Research Article | Open Access
Sami Aldaham, Janet A. Foote, H.-H. Sherry Chow, Iman A. Hakim, "Smoking Status Effect on Inflammatory Markers in a Randomized Trial of Current and Former Heavy Smokers", International Journal of Inflammation, vol. 2015, Article ID 439396, 6 pages, 2015. https://doi.org/10.1155/2015/439396
Smoking Status Effect on Inflammatory Markers in a Randomized Trial of Current and Former Heavy Smokers
Background. The level of systemic inflammation as measured by circulating levels of C-reactive protein (CRP) and interleukin-6 (IL-6) is linked to an increased risk for cardiovascular diseases (CVD) and cancer. Methods. We recruited 154 current and former smokers between 40 and 80 years of age with 25 or more pack-years of smoking history to study the relationship between inflammatory markers (CRP and IL-6) and smoking status. Results. Our results show that male smokers had significantly higher levels of serum IL-6 compared to male former smokers. We did not find any gender specific differences for smoking and CRP levels but the IL-6 levels were slightly lower in females compared to males. Additionally, our results show that CRP is significantly associated with IL-6 regardless of smoking status. Modelling indicates that the significant predictors of CRP levels were biomarkers of the metabolic syndrome while the significant predictors of IL-6 levels were age and plasma triglycerides among former smokers and the numbers of smoked packs of cigarettes per year among smokers. Conclusions. In conclusion, our study showed that CRP levels were not associated with markers of smoking intensity. However, IL-6 levels were significantly associated with smoking especially among current smokers.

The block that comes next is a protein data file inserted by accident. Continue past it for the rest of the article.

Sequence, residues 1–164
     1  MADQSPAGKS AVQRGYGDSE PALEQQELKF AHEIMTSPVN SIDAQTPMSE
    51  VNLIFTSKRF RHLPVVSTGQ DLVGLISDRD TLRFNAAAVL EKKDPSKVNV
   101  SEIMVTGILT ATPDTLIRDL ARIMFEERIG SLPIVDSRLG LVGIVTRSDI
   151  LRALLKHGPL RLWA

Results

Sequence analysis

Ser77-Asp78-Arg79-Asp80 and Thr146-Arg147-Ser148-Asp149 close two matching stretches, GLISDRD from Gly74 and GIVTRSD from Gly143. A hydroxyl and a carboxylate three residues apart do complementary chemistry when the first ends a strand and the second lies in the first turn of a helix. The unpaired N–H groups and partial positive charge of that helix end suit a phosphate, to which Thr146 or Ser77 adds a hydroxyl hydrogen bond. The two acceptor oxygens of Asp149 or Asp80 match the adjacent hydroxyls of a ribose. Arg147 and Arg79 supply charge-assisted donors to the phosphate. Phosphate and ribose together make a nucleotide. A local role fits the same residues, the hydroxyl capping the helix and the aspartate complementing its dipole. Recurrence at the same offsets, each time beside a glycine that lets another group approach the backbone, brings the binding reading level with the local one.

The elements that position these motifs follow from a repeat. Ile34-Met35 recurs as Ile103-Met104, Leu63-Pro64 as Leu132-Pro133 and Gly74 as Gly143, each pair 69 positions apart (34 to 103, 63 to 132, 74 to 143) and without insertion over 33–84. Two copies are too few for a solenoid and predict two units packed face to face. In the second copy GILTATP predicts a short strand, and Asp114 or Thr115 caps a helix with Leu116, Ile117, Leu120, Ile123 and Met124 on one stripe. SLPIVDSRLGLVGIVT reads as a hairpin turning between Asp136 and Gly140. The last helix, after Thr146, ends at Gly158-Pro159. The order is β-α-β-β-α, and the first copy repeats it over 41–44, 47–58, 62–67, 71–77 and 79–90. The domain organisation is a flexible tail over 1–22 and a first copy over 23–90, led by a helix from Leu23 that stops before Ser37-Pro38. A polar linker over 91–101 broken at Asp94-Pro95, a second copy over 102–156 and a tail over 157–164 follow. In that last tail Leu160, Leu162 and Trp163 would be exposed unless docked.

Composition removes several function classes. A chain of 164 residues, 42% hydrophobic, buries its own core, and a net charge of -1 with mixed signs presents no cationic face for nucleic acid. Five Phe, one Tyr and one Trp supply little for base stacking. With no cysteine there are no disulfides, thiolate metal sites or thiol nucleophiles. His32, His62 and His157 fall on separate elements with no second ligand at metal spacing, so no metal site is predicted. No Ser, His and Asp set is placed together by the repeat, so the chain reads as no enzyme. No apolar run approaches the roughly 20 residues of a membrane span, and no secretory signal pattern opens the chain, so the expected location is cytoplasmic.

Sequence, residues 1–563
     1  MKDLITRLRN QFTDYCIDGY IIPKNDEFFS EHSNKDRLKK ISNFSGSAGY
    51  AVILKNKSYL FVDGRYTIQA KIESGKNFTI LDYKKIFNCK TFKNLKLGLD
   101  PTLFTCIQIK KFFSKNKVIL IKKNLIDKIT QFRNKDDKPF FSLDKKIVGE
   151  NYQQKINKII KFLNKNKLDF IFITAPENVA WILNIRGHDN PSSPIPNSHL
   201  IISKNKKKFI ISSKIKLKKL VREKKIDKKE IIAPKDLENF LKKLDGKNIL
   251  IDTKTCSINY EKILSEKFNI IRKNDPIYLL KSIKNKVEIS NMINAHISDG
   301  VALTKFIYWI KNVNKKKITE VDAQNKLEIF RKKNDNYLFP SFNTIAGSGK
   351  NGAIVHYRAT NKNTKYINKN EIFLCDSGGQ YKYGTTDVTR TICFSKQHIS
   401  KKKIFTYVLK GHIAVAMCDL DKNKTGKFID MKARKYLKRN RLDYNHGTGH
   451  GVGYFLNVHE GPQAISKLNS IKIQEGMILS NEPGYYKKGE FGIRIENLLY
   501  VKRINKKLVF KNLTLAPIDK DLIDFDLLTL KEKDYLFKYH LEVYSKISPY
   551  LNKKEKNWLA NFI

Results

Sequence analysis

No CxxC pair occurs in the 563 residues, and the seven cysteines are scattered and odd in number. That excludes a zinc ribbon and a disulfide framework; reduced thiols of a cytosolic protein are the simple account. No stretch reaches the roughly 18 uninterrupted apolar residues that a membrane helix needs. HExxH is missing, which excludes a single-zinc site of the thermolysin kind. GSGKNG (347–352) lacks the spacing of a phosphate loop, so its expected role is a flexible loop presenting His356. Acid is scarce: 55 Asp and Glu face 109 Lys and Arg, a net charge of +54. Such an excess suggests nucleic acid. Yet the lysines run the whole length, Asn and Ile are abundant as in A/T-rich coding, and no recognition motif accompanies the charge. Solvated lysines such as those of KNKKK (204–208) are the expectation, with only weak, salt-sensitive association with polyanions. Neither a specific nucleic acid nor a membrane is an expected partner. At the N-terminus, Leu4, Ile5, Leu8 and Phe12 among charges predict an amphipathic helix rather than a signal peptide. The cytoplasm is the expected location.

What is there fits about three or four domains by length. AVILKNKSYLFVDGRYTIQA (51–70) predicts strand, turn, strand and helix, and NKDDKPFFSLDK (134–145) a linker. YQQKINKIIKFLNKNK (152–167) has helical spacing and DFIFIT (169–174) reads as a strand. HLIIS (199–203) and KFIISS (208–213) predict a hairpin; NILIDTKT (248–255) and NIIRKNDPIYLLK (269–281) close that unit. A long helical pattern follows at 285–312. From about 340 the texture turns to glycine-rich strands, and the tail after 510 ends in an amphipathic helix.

Inflammation is associated with a number of chronic conditions, such as cardiovascular disease and cancer. Reducing inflammation may help prevent or treat these conditions. C-reactive protein (CRP) and interleukin-6 (IL-6) are well-studied proinflammatory cytokines [1, 2]. Inflammation is part of our immune reaction and leads to the release of C-reactive protein (CRP) into the bloodstream [3, 4] and IL-6 is a major factor driving the chronic elevation of CRP . Elevated levels of IL-6 are predictive of future adverse health events in both healthy and clinical populations, even after controlling for both lifestyle and other clinical risk factors [6–9].
Smoking is the major risk factor for lung cancer, the most common cancer worldwide. Cigarette smoking has been associated with increases in CRP and previous investigations have demonstrated that increased CRP levels are a secondary effect of cigarette smoking and reflect tissue injury [10, 11]. The potential significance of IL-6 and CRP has been suggested in the growth and progression of many malignancies [12–14]. Many large-scale epidemiological studies among apparently healthy men and women have found CRP to be an independent and strong predictor of future cardiovascular risk [15–17].
There is great interest in studying the relationship between inflammatory markers and smoking in an attempt to provide explanations for smoking-mediated morbidity and mortality. The current study is unique with the inclusion and comparison of verified former smokers with a similar smoking history (pack-years and years of smoking) to the current smokers. The profile of inflammation markers is expected to differ following smoking cessation. Therefore, we are reporting here the associations of CRP and IL-6 with smoking status among community-dwelling men and women.
Current smokers (CS) and former smokers (FS) between 40 and 80 years of age with 25 pack-years or more of smoking history were recruited to a randomized, double-blind, and placebo controlled chemoprevention trial of green tea and black tea. The study protocol received approval by the University of Arizona Institutional Review Board. Once informed consent had been obtained, each participant completed a set of smoking, dietary, and health assessment questionnaires and was evaluated for health and respiratory history. A blood sample was collected for a comprehensive metabolic panel. Two additional fasting morning blood samples were collected from which plasma, serum, buffy coat, and erythrocytes were isolated and stored at −80°C prior to the sample analysis. Body mass index (BMI) for each participant was calculated as weight divided by height2 (kg/m2).